I get mentioned about Shirow a lot, but I’m actually more towards the Terada end. Last thing I saw of shirow was the original ghost in the shell movie which kicked ass. Maybe it's still in me consciously. With the MAIN storyline though, I lean towards using ROBOTECH as a reference a lot. With its cast of characters that are related and their kids and such. The Max/Miriam/Dana Sterling family was my favorite. Also the rebels in the 3rd generation. But anyway.
EDCO: The art in the book I would describe as dark, but lush. There is a careful gathering of rendering styles mixed with specific color palettes. Is there any pen reaching paper for this project or is it entirely digital?
DN: Artistically, I’ve been very influenced by the likes of the animations I’ve watched over the past few years. I am nowhere near a real comicbook colorist, so I do my best when going thru sequentials. There’s a huge difference between coloring a cover or a pinup, and coloring pages panel by panel. I got a lot of tips and tricks/ advice from some of the WSFX coloring gurus Randy Mayor and Adam Archer as well as Jami Noguchi from Udon (had to give credit to those guys in here somewhere!) to help me make the art flow from page to page.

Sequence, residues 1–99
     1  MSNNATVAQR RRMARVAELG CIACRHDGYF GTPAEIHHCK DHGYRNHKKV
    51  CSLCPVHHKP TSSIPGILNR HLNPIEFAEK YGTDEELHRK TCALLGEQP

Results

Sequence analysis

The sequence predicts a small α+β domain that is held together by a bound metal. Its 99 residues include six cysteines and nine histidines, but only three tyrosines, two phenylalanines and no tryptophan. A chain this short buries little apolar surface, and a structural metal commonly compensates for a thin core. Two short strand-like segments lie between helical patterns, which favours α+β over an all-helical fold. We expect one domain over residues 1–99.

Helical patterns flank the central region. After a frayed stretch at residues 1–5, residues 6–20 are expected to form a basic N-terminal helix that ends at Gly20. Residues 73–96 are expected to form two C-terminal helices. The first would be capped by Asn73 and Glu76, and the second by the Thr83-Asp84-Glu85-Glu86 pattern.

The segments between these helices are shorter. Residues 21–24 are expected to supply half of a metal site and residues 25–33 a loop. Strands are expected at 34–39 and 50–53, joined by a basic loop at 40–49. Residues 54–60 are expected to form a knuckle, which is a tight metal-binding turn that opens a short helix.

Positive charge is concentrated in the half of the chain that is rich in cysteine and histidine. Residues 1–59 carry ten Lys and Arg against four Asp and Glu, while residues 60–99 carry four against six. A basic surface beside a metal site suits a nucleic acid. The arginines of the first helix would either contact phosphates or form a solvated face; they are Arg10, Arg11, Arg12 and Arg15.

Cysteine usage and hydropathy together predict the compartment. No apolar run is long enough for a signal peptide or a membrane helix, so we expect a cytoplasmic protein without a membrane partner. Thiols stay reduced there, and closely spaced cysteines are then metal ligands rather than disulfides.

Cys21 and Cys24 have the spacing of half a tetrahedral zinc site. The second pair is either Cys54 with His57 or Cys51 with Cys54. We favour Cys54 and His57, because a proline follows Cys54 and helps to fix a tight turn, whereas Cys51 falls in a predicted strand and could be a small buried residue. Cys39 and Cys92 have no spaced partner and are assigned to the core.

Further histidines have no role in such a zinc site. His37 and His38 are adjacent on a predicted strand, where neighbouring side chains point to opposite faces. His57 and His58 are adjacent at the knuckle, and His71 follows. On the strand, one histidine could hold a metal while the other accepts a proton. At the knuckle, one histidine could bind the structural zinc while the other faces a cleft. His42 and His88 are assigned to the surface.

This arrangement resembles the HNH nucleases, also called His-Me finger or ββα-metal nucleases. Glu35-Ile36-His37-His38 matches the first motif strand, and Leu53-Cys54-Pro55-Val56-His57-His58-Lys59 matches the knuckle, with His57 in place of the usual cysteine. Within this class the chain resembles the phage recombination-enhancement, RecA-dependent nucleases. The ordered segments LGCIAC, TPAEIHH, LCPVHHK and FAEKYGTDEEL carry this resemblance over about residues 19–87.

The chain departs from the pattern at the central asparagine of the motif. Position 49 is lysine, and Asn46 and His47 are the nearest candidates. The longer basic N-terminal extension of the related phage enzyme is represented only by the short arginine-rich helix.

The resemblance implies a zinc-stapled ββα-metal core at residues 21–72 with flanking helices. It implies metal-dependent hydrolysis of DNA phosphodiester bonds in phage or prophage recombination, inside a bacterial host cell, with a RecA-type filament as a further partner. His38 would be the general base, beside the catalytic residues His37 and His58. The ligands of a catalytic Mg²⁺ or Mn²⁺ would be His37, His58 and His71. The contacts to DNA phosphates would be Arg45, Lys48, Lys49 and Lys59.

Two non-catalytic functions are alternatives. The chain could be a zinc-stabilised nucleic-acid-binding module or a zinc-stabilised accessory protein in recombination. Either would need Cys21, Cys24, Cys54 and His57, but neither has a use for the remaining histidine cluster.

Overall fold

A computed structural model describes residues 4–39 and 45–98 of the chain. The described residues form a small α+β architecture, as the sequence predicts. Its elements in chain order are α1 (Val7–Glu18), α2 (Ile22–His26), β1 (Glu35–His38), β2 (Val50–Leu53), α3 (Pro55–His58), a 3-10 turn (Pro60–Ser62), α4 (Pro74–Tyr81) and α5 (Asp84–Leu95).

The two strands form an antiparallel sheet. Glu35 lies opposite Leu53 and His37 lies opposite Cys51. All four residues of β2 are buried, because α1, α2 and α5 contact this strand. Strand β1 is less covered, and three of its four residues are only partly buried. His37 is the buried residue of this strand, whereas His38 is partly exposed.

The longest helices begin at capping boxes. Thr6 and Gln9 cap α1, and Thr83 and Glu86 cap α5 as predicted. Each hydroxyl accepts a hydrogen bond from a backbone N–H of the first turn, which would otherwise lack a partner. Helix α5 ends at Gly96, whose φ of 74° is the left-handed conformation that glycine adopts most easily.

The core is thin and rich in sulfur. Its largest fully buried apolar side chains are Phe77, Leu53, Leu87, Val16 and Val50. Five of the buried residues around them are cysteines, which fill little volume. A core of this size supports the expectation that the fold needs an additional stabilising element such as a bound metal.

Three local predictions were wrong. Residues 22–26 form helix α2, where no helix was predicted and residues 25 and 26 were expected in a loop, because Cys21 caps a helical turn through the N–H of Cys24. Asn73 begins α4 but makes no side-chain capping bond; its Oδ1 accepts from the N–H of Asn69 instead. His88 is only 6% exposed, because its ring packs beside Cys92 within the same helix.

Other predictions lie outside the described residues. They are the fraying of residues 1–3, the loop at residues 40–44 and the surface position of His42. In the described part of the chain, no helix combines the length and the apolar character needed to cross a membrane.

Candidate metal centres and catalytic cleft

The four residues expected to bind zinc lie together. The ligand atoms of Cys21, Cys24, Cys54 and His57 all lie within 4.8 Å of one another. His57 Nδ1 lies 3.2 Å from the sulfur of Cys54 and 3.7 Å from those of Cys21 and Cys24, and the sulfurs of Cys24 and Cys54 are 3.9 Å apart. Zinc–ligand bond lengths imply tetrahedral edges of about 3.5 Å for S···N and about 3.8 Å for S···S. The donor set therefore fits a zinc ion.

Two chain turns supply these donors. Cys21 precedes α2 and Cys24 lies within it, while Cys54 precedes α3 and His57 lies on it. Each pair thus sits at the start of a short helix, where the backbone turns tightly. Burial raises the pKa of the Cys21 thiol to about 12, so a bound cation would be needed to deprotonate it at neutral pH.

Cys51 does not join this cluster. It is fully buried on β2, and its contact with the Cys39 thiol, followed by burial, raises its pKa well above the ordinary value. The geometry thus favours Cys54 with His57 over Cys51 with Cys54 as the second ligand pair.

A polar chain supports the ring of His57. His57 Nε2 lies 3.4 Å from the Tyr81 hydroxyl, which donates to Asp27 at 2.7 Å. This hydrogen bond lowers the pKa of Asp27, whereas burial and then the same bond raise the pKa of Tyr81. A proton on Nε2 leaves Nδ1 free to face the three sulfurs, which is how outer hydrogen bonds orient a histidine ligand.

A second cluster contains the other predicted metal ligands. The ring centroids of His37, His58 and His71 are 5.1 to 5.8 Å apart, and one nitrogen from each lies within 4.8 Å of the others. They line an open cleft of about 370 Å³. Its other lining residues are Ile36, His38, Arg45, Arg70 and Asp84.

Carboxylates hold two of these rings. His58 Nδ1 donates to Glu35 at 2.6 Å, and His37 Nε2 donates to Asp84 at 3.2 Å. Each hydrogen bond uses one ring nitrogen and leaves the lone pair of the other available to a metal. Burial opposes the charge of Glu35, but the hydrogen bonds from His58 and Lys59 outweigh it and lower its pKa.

I went for more environmental/event lighting and atmosphere than I did on individual characters and such. Most of the time, I am trying to bring the characters more together in a shot than make then stand out unless they needed to. I also went for sort of a dreamy eerie feel. Sometimes it works, not always. haha. Issue 1 I REALLY messed up; I accidentally colored the entire thing in RGB... then at the end had to convert to 4 colors and redo a lot of it... the rookie colorist in me.
For this particular book, I was really inspired by Disney’s ATANTIS and TREASURE PLANET. Mainly treasure plant with the atmospheric feel in every panel, the 70/30 ratio design principle of old/ new in the design of the visuals. I tried my best to keep the formula going, but I strayed a lot. In the end, I figured whatever was fun, works.